Thursday, September 25, 2014

[Review] A Walk Among the Tombstones

The intriguingly titled A Walk Among the Tombstones arrives just in time amidst the brisk autumn winds and grey overcast. Neeson finds himself in a very Neesian role, but it's gritter and more grounded than say, this year's airplane (and surprisingly entertaining) conundrum Non-Stop.

In the opening sequence, the tone is set abruptly when we see an unkempt, world-weary Matthew Scudder (Neeson) sitting in a dingy bar that looks similar to the one from this month's The Drop. A group of criminals storm in and fire a number of shots. Scudder reacts by hunting all of them down after they flee the joint. But of course, there's more to this part of the story that gets revealed later on.

Flash forward eight years later and we see Scudder, clean-shaven and sober. He's finished working for the NYPD, and now he's an unlicensed private investigator. He's hired by a high-ranking drug trafficker (Dan Stevens) to track down his wife's murderers. It's a fairly straightforward premise, and the narrative's few twists are less-so twists and more-so hiccups and revelations.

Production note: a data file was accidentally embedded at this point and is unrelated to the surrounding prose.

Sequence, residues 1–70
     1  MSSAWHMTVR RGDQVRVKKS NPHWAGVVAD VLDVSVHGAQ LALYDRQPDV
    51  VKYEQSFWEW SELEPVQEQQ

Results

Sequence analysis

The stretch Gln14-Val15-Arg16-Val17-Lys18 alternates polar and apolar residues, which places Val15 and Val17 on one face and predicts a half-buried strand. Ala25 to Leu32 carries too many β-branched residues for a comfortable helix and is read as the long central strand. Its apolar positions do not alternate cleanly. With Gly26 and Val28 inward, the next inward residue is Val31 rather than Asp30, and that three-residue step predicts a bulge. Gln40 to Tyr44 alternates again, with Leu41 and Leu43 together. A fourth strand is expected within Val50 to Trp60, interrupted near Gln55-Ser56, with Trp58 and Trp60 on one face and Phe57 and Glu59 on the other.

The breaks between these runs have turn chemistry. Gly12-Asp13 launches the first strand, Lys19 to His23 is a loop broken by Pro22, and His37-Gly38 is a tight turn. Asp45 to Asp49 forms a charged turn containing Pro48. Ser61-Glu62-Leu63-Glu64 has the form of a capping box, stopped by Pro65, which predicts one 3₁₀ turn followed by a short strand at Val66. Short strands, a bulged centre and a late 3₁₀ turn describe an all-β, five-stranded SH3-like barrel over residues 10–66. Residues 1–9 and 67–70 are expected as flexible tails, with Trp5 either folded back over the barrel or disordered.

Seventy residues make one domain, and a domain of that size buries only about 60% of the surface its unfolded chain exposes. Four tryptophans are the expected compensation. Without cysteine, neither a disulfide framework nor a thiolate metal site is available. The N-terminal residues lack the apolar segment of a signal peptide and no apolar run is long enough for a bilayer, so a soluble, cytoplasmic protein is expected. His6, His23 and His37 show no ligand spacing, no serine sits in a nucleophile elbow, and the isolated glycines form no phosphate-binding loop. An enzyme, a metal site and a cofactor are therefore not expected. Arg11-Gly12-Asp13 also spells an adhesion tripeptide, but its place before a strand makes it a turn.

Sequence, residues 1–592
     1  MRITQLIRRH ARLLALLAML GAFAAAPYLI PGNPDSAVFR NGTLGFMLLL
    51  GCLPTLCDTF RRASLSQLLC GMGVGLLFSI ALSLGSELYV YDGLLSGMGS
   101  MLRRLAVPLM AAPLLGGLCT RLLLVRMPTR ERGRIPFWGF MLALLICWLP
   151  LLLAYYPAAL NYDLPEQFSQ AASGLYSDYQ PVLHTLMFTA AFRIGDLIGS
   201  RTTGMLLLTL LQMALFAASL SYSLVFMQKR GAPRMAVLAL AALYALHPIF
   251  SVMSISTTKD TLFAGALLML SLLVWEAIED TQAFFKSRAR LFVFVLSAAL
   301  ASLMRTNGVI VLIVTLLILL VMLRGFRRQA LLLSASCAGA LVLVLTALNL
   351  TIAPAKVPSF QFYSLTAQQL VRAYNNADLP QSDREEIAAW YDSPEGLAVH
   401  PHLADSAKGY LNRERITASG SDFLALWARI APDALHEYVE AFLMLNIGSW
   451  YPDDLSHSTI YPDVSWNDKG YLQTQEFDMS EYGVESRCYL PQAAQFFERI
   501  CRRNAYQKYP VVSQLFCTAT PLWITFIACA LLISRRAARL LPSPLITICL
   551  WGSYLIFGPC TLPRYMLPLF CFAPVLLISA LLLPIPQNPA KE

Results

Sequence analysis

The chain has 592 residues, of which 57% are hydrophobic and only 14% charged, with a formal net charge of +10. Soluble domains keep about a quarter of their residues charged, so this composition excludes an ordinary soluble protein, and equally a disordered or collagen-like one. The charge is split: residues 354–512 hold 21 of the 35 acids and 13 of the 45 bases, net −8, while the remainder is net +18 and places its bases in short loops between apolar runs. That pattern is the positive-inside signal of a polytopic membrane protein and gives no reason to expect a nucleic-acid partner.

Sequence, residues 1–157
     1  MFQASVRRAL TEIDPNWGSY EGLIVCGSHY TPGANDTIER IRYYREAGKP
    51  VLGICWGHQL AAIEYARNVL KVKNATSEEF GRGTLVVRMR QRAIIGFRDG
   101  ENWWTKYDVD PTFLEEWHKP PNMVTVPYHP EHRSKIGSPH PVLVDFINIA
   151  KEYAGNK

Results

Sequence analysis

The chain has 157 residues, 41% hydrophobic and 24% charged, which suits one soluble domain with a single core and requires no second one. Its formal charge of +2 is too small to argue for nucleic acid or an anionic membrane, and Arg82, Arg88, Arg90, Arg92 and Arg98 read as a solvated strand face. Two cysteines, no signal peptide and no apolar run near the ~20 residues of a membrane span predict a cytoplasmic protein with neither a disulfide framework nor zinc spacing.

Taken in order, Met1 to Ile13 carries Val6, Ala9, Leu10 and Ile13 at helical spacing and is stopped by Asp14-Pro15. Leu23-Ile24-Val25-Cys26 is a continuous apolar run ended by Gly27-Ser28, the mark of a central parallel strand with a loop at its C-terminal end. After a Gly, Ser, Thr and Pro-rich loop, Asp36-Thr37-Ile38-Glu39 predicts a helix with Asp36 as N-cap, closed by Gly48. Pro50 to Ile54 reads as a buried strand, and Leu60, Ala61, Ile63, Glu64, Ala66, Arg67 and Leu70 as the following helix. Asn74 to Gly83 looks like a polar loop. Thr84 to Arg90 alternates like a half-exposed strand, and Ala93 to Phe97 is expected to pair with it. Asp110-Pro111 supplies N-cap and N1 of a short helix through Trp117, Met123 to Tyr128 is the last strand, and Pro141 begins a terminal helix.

Moving at a True Detective-like pace, the first half involves a lot of asking around, gathering information, and flashbacks. The second half intensifies as Scudder obtains leads and finally initiates contact with the group of brutal and perverted killers. Suspense and anticipation runs high as we wonder how all this transpires. Perfectly eerie music fills the background, and death looms over everyone in the film. A showdown in an actual graveyard completely pays off the title.

While the supporting characters aren't that interesting (and some of the cast members are less than stellar), and the film doesn't quite offer up anything new or particularly outstanding, A Walk Among the Tombstones is a solid enough crime drama and Neeson's haunting presence gives it a chilling edge.


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